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The Seven Lamps of Architecture
The Seven Lamps of Architecture is an extended essay, first published in May 1849 and written by the English art critic and theorist John Ruskin. The ‘lamps’ of the title are Ruskin’s principles of architecture, which he later enlarged upon in the three-volume The Stones of Venice. To an extent, they codified some of the contemporary thinking behind the Gothic Revival. At the time of its publication A. W. N. Pugin and others had already advanced the ideas of the Revival and it was well under way in practice. Ruskin offered little new to the debate, but the book helped to capture and summarise the thoughts of the movement. The Seven Lamps also proved a great popular success, and received the approval of the ecclesiologists typified by the Cambridge Camden Society, who criticised in their publication The Ecclesiologist lapses committed by modern architects in ecclesiastical commissions.
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The Seven Lamps of Architecture is an extended essay, first published in May 1849 and written by the English art critic and theorist John Ruskin. The ‘lamps’ of the title are Ruskin’s principles of architecture, which he later enlarged upon in the three-volume The Stones of Venice. To an extent, they codified some of the contemporary thinking behind the Gothic Revival. At the time of its publication A. W. N. Pugin and others had already advanced the ideas of the Revival and it was well under way in practice. Ruskin offered little new to the debate, but the book helped to capture and summarise the thoughts of the movement. The Seven Lamps also proved a great popular success, and received the approval of the ecclesiologists typified by the Cambridge Camden Society, who criticised in their publication The Ecclesiologist lapses committed by modern architects in ecclesiastical commissions.

The essay was published in book form in May 1849 and is structured with eight chapters; an introduction and one chapter for each of the seven ‘Lamps’,which represent the demands that good architecture must meet, expressed as directions in which the association of ideas may take the observer:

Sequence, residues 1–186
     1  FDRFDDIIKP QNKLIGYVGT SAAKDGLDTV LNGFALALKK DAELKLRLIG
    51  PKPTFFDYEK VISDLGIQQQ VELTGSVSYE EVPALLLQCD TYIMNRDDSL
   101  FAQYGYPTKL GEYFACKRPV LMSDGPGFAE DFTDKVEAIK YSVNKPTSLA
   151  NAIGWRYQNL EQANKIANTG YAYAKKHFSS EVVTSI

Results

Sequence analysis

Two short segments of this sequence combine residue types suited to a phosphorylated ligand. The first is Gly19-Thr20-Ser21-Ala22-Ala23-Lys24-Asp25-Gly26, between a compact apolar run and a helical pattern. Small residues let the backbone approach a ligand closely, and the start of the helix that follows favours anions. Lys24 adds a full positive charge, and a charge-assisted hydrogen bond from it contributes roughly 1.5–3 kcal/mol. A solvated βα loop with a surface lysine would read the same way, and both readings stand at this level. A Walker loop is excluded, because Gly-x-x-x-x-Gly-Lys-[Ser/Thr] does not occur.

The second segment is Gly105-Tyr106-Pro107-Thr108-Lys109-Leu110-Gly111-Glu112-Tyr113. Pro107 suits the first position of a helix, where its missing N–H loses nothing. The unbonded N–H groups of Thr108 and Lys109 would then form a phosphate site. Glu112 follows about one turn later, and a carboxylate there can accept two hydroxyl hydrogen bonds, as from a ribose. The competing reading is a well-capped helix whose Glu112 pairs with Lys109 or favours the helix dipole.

1. Sacrifice – dedication of man’s craft to God, as visible proofs of man’s love and obedience
2. Truth – handcrafted and honest display of materials and structure. Truth to materials and honest display of construction were bywords since the serious Gothic Revival had distanced itself from the whimsical “Gothick” of the 18th century; it had been often elaborated by Pugin and others.
3. Power – buildings should be thought of in terms of their massing and reach towards the sublimity of nature by the action of the human mind upon them and the organization of physical effort in constructing buildings.
4. Beauty – aspiration towards God expressed in ornamentation drawn from nature, his creation
5. Life – buildings should be made by human hands, so that the joy of masons and stonecarvers is associated with the expressive freedom given them
6. Memory – buildings should respect the culture from which they have developed
7. Obedience – no originality for its own sake, but conforming to the finest among existing English values, in particular expressed through the “English Early Decorated” Gothic as the safest choice of style.

2016.01.01
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